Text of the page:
Educate yourself. There are no hard and fast rules to contracting a house since every house is different, but there is a general order of events and procedures. Read as much as you can. Talk to builders, architects, inspectors, and people who have successfully contracted their own homes.
You must understand how the different trades interrelate so you can schedule the job. You need to know enough about the work being done to monitor the quality and pace of your subcontractors' work.
You must understand the specs for all products being used to build the house. For instance, after the vinyl flooring is installed is no time to figure out that the manufacturer's warranty requires a different underlayment than you had installed.
Quit your day job. Okay, that may not be possible, but it's ideal. At the very least, try to arrange a leave of absence or some flex time. Contracting a house is a full-time job; you really should be on site and available to the subs at least four hours a day. It works best if you can take a leave of absence from work and just focus on planning the job, then building the house. Otherwise, you're really looking at having two full-time jobs, and likely not doing either one well.
Get organized. You will be managing the construction schedule, arranging financing, purchasing insurance, bidding subs, ordering materials, and collecting more paperwork than you ever thought possible. Don't even think about contracting your own house if you aren't good at tracking details.
Polish your communication skills. You will spend most of each day on the phone if you are doing the job right. You have to keep all the subs informed of schedule changes, schedule and confirm delivery of materials, keep the bank apprised of progress, schedule inspections, put out a few fires, and then do it all over again, day after day.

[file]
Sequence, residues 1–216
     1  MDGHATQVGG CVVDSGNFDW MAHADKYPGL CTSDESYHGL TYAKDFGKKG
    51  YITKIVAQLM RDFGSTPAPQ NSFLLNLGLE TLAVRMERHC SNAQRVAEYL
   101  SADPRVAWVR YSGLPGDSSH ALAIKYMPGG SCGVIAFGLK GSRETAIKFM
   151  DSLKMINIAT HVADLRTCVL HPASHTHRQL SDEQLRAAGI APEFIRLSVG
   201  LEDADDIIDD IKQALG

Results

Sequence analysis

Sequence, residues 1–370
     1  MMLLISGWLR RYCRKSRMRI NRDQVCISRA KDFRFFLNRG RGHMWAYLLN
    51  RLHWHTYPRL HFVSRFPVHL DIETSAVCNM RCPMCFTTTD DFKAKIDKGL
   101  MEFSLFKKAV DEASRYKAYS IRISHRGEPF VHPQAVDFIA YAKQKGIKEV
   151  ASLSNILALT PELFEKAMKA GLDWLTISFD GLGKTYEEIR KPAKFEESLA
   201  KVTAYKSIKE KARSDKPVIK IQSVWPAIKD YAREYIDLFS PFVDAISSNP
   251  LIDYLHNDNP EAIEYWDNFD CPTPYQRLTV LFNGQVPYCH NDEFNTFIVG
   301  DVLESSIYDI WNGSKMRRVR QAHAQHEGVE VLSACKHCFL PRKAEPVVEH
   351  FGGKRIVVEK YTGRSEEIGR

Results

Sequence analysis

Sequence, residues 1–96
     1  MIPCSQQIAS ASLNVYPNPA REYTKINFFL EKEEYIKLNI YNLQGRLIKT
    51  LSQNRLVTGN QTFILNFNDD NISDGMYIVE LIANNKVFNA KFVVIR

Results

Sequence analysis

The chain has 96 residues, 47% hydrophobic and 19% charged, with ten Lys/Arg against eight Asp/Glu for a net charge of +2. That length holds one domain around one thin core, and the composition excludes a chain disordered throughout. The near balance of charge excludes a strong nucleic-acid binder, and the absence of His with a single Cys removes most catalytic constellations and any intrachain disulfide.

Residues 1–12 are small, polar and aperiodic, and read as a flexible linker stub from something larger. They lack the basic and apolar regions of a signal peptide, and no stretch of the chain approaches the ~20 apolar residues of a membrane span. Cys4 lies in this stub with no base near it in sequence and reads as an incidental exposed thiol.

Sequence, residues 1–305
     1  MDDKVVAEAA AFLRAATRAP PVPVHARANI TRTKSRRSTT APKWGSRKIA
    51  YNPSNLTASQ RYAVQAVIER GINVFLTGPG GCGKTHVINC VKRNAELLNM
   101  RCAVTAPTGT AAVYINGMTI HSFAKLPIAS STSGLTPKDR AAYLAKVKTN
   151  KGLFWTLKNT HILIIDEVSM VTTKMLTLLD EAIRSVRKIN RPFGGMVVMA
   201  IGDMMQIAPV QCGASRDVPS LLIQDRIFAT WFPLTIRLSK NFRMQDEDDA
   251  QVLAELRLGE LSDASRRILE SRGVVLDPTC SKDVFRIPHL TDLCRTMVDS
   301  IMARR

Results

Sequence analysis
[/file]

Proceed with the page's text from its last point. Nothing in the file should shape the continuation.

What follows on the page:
You must establish clear lines of communication with the subs so you and they are clear about what work is to be done, how, and when. There will be scheduling conflicts and there will be snafus. You must be able to speak honestly and frankly with the subs to clear up all problems as they arise.
Be honest with yourself. If you don't understand the construction process thoroughly, if you have a short supply of time or money, if you lack organization, troubleshooting, or communication skills, then think twice about contracting your own home.
If you really want to be involved in the building of your house and aren't prepared to serve as the contractor, a better option is to take on some of the construction labor yourself. There are many builders who will negotiate a price based on the homeowner taking on tasks such as daily site clean-up or painting.
Be realistic in your expectations. Understand that self-contracting is not likely to save you a whole lot of money. Best case is you can save 20 to 25 percent; the reality is you will probably burn through those savings by making mistakes scheduling the work and ordering materials.
What you should expect is headaches. You will have a hard time hiring subs and then getting them to show up on schedule. There's no malice here on the part of the subs, it's just that the builder who called them two weeks before your job was scheduled to start can offer them repeat work—you can't.
Why bother? Because you like a challenge. Because you are fascinated by the construction process. Because you want to be intimately involved in the creation of your home.
Reprinted with permission of Hometime®. For further information about building and renovation, tune in to Hometime or visit www.hometime.com. © Hometime 1997, all rights reserved.